Thursday, November 5, 2009


I’m so thankful for Nora Giese’s recent “Letter to the Editor”. She has broached at least three important topics that may be beneficial for us all to consider. I know I don’t to have all the answers and regularly pray for a teachable spirit. Therefore, please do not receive my response to be either argumentative or condescending. I’m very willing to consider other’s opinions as we address these issues:

• Is worship the reason we often find
Jesus and His apostles in synagogues?
• Was persecution the reason why
early Christians met in homes?
• Were there occasions when
members of one church community offered
guidance to those of another?

1) Most of us, including myself, have been taught that Jesus and His apostles went to synagogues to worship. However, Scripture seems to indicate [Acts 14:1; 17:1-33; 18:4 and 19], that instead of worship, they crossed the threshold of synagogues filled with non-believing Jews in order to evangelize!

Faith in the Messiah of Nazareth was not the focus of worship in the Jewish synagogue. Consequently, we don’t find Jesus or His disciples “worshiping” with non-believing Jews nor encouraging new converts to do so. Rather than holding to human traditions of worshiping at a sacred place on a sacred day with the Jews, Jesus and His apostles took advantage of the custom of inviting visiting Rabbis to teach [Acts 13:14] and spoke against such human traditions [Colossians 2:8]. Consequently, they were expelled from the synagogue!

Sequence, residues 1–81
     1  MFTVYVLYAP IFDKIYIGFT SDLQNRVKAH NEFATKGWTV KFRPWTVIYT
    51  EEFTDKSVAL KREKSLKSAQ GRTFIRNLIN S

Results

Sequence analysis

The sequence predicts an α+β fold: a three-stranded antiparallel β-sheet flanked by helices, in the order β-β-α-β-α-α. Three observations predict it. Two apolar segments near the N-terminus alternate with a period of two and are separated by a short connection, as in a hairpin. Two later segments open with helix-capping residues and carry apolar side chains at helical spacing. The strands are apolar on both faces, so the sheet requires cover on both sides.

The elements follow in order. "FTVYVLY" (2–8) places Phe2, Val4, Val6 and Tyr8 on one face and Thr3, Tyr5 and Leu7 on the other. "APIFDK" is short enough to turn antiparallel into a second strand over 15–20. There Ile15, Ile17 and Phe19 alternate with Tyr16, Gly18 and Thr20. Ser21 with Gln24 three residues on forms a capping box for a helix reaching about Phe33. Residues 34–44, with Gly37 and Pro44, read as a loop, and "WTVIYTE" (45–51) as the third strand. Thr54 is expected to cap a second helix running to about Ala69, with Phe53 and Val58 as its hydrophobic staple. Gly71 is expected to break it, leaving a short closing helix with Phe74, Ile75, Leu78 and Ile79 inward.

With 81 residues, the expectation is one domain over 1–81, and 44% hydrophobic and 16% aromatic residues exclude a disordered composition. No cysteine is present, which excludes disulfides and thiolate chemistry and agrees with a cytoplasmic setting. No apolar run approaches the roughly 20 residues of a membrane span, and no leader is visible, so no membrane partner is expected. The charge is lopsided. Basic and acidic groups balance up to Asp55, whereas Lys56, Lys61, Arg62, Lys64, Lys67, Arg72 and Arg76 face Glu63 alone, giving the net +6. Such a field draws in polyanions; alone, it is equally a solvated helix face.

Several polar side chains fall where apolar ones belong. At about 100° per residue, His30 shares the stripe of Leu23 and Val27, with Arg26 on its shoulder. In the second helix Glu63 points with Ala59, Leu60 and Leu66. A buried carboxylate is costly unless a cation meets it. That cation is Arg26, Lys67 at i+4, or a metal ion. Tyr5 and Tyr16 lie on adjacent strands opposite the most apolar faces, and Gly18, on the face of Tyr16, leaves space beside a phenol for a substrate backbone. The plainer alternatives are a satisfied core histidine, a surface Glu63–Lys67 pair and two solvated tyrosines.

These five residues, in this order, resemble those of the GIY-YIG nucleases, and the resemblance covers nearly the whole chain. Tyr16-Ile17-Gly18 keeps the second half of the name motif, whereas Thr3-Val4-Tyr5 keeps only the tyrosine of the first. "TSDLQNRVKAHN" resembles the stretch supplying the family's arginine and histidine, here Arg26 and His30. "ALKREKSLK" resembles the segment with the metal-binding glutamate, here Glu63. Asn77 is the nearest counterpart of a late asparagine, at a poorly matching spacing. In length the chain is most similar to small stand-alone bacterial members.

2) I was also taught that early Christians began to meet in one another’s homes because of persecution. However, didn’t Jesus establish His church in the open air and in homes before persecution ever began? In the three years Jesus trained His apostles, they learned to carry on the work that He began [Acts 20:20] which was not worshiping in synagogues nor choosing gathering locations out of fear.

Following Jesus’ and the apostles’ teaching, early Christians continued to meet in one another’s homes even during times of peace [Acts 2:42-47 and 9:31]. When persecution did break-out, it doesn’t seem that Christians went to great pains to “hide-out.” Instead, unbelievers knew exactly where to find them [Acts 8:3; 1 Corinthians. 14:23] … in their homes.

All local Christians also gathered daily at the accommodating temple courts [Acts 2:44-46] where the non-believing Sadducees were responsible for controlling temple activity. Such public places wouldn’t be very effective hiding for those desiring to go unnoticed!

3) Although there is Scriptural evidence that Christians from one community did offer advice to those in other communities, this isn’t the subject at hand. Instead, the issue is …

The early Church
had only one local body of believers in each community
who functioned as one family.

We learn from Paul’s letter to the Corinthians for example that, while there were at least five different “house churches” in Corinth, [1 Corinthians 1:10-17; 16:19], Paul doesn’t write to the individual groups. Instead, he wrote to all believers in Corinth [1 Corinthians 1:2] because the issues affected the entire local family!

Jesus never desired that His brothers and sisters meeting in one house would have no regard for the matters of those who met in another. In fact, Paul rebuked the Corinthian believers for thinking and functioning so independently!

While I desire to honor God’s Word and not quarrel over disputable matters; He does encourage us to lovingly challenge one another to develop a clear understanding of and devotion to what Jesus and the apostles taught [Colossians 3:16].


P.S. For those who may not have had a chance to read Nora’s letter, you may read it at under “NORA’S LETTER … ”.

No comments:

Post a Comment